*My daughter and I went on a 12 week- journey the past two years to explore Fractions. We are doing it again this Fall. I am updating the posts from our previous journeys, in case you want to join us this year. Click here if you want to know more about the journey.*

Here is Problem #6, a second partitive division problem.

**Time 4 Fractions – Problem #6 – Stacking blocks**

*Yellow* – Emmy has 5 wooden blocks. She wants to make 2 towers as tall as possible, using the same number of blocks in each tower. How many blocks should she use in each tower?

*Orange* – Emmy has 13 wooden blocks. She wants to make 4 towers as tall as possible, using the same number of blocks in each tower. How many blocks should she use in each tower?

*Red* – Emmy has 23 wooden blocks. She wants to make ___ towers as tall as possible, using the same number of blocks in each tower. How many blocks should she use in each tower?

**What to do as a parent ?**

As always, invite your child to solve one of the problems, and *listen* to his/her way of solving it. He/she can make sense of the problem while using small objects (such as buttons, marbles, etc, and small containers) or drawing a picture. He/she may write an equation. Each child should pick the problem that he/she feels like exploring.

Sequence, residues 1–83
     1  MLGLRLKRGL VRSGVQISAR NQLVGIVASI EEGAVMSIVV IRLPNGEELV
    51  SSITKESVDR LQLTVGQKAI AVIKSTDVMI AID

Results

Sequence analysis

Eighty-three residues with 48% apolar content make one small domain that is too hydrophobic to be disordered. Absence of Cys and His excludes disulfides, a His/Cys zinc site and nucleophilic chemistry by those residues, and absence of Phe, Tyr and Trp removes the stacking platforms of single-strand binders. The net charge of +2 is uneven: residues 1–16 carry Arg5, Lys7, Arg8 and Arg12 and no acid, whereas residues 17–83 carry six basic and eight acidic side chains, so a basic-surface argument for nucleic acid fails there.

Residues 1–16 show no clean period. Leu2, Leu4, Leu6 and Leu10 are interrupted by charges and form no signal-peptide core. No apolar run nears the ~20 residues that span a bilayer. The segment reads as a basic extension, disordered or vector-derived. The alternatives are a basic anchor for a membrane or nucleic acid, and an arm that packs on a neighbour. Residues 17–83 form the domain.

If your child calls out the answer right away,* r*emind him/her that the answer is fine, but *how* it was obtained is even more important in this journey. How would he/she explain it to a younger child? Could he/she represent the problem with a drawing? a diagram? Using small objects ?

This week, all levels involve a remainder (Level Yellow: 2 blocks/tower, 1 block left; Level Orange: 3 blocks / tower, 1 block left).

**Sharing my experience**

At week 6 of our Time 4 Fractions journey, it seems that my child has her own routine to solve the problem, through at least 2 Levels. She starts with modeling level Yellow, and usually draws a picture to solve level Orange and/or Red. Then, she adds an equation that would match her drawing. This week was no different. She modeled Level Yellow, and drew the blocks, one at a time, in 4 towers, to solve Level Orange.

Reference:

Empson, S. E., and Levi, L. (2011). Extending Children’s Mathematics: Fractions and Decimals. Portsmouth, NH : Heinemann. ISBN-13: 978-0325030531.

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